The alien invaders were seasoned fighters, and their mission was clear. Annihilation of the planet's population at any cost, and to the victor the spoils. The command was given, the massive dark ships descended, touched down upon the Earth, and the mighty three-legged warriors rushed forward to do battle with the natives of another primitive world.
Ground troops engaged the tank-like creatures lethargically roaming about the bizarre landscape. Amphibious troops took on the nightmarish, but slowwitted water dwellers. In the end, the Earthlings proved no match for their superior fighting prowess, and the annihilation of the planet's inhabitants was over within a few day's time. Easy pickings, though the spoils proved nil. Another world conquered. Now off to the next one.
And humankind waited. And waited. And waited, unaware of the microscopic battle raging all about them. Of all the dust mites and copepods dying by the billions, the tiny alien force indiscriminately slaughtering everything in its path.
A year later, most people had once again put the message out of their minds, and slipped back into their pre-invasion routines. Some concluded the invasion had been nothing more than an elaborate hoax. Diehard conspiracy theorists reasserted their fears about a secretive government cabal and its agenda. The religious minded thanked God. As for the rest, they just continued to wait as before--fool me twice, but never fool me thrice.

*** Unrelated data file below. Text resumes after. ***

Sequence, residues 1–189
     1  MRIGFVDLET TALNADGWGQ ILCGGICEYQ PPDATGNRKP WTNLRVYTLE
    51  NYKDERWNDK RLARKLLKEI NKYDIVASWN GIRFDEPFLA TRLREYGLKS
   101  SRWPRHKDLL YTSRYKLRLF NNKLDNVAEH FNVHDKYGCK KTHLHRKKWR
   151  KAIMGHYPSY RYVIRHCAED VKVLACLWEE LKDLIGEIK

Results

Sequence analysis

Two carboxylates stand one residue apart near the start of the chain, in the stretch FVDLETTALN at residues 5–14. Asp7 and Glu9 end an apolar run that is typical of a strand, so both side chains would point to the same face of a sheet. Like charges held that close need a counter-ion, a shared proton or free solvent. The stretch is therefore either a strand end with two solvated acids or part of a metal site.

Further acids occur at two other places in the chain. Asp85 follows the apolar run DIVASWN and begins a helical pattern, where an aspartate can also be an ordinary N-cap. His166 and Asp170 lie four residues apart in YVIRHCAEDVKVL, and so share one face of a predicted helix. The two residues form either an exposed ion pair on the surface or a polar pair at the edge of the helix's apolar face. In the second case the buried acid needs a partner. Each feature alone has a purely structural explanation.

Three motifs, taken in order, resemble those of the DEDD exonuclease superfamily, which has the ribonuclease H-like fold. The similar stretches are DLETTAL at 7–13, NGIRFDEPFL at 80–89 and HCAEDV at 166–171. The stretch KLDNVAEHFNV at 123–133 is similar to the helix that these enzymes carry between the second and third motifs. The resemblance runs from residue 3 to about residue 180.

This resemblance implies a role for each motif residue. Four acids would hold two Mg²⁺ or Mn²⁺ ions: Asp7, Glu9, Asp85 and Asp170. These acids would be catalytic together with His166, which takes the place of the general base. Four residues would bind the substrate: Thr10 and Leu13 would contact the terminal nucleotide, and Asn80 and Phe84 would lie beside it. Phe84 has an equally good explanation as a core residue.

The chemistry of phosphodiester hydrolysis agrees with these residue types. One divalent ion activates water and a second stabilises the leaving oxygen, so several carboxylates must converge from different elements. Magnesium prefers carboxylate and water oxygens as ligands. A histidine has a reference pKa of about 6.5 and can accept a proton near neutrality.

Nobody saw the correlation between the alien invasion, and the increasingly clear airways of millions of allergy sufferers worldwide. The indisputable fact that cases of asthma had dramatically decreased overnight. Eventually some microbiologists trained their microscopes on portions of the sterile battlefield left behind after the invasion, looking for answers to the asthma question, but the aliens were long gone. The only evidence of their existence the recordings of their message, "We are coming to annihilate you," which proved just the opposite in the end.
The End
This story was first published on Tuesday, June 9th, 2015
Become a Member!

We hope you're enjoying The Message by G. O. Clark.

Please support Daily Science Fiction by becoming a member.

Daily Science Fiction is not accepting memberships or donations at this time.

Rate This Story
Please click to rate this story from 1 (ho-hum) to 7 (excellent!):

Please don't read too much into these ratings. For many reasons, a superior story may not get a superior score.

5.3 Rocket Dragons Average
Share This Story
Join Mailing list
Please join our mailing list and receive free daily sci-fi (your email address will be kept 100% private):